Raising Helen

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The ViewAuckland Review

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Review byMatthew Turner23/08/2004

One out of Five stars
Running time: 119 mins

Cliché-ridden, manipulative, overlong and desperately sentimental rubbish from director Garry Marshall – forget raising Helen; she should have been strangled at birth.

In Hell’s Multiplex, movies like Raising Helen are playing on a continuous loop. Garry Marshall has made a career out of glossy-looking, sentimental, inoffensive movies, but Raising Helen represents a new low even for him. Similarly, it may prove the nail in the coffin for Kate Hudson’s career – it’s no surprise she has recently announced she’s ready to quit movies for motherhood after a succession of stinkers such as Le Divorce, Alex & Emma (straight to video) and now this.

Woman Inherits Sisters Children

Hudson plays Helen Harris, the executive assistant to Dominique (Helen Mirren, hang your head in shame), the high-powered boss of a modeling agency. Helen is content to live the free-spirited high life, until her older sister Lindsay (Felicity Huffman) and brother-in-law are killed in a car accident, leaving her their three children (stroppy teen Hayden Panettiere, chubby middle kid Spencer Breslin and younger sister Abigail Breslin) in their will.

This causes Helen all manner of problems at work and she has to decide whether to put her career first or become a mother to the children. Ho hum.

The story seems particularly pointless because Helen has another sister, Jenny (Joan Cusack), who is already a perfect mother with a) room in her huge house and b) kids of her own. So, naturally, Jenny is upset because Lindsay left the kids to Helen, blah blah blah. And if all that wasn’t enough syrup to slog through, Helen also falls for sexy ‘Pastor Dan’ (John Corbett in full-on NiceGuy mode). No prizes, then, for guessing how it all turns out.

Hudson Depressingly Bland

One of the main problems with Raising Helen is Hudson herself. She’s cute, certainly, but she’s also depressingly bland. In addition, she’s out-acted by every single other member of the cast, particularly the two small children, who are both adorable (Spencer Breslin and Abigail Breslin are real-life siblings).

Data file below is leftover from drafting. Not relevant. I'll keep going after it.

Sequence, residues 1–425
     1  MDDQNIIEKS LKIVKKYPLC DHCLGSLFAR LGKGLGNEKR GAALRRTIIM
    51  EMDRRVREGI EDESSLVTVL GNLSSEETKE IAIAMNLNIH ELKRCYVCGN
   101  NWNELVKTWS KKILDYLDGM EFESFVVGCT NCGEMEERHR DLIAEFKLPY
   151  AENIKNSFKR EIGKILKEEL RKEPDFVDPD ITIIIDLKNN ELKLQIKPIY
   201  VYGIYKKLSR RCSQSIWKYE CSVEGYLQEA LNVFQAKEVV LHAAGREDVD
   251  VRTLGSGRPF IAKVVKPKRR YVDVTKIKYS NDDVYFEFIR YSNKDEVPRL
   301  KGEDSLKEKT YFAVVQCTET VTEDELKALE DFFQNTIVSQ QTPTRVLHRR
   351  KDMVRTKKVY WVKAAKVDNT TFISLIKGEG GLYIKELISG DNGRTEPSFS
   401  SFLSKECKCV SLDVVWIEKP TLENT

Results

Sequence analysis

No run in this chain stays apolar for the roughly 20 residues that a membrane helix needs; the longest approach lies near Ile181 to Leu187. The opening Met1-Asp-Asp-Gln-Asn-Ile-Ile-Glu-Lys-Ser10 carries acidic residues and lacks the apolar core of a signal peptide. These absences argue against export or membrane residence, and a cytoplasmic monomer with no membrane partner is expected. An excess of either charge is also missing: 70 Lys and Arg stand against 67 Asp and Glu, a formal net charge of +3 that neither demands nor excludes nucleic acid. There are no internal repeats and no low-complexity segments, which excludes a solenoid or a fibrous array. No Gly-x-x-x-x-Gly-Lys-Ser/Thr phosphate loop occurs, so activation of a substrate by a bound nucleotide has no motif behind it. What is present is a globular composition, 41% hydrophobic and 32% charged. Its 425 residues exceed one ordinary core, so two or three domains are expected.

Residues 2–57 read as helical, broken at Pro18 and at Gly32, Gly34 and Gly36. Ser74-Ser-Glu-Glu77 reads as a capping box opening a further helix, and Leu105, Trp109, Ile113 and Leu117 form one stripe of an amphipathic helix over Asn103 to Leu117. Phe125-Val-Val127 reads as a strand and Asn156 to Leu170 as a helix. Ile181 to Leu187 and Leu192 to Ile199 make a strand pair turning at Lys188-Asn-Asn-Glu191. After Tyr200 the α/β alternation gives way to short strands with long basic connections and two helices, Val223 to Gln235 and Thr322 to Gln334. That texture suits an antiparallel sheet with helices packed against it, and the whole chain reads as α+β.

The film also horribly miscasts Joan Cusack (a gifted comic actress) in a role where she’s required to be miserable and frustrated throughout – you spend the whole movie hoping for a glimpse of the Joan Cusack you know and love, but it never comes.

The other problem is that the film itself is so cynically manipulative – you can imagine the suits at script meetings applying a mathematical formula along the lines of “Cute Kids + Romance + Traumatic Bit x sibling rivalry = feelgood tearjerker”. It’s amazing they didn’t find room for a bit with a dog.

On top of all that, the message of the film is patronizing and just doesn’t ring true – why should Helen be forced to give up her perfectly good career? Couldn’t some sort of compromise be reached? The film implies that Helen needs to do some growing up herself, as if she can’t really be an adult without learning what it’s like to be a mother.

In short, Raising Helen is a strong contender for one of the worst films of the year. Don’t be fooled by the cute-looking trailer – the film is utter rubbish and, to add insult to injury, it also drags the running time out to an interminable 2 hours. Avoid like your life depended on it.

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Content updated: 18/02/2020 10:58

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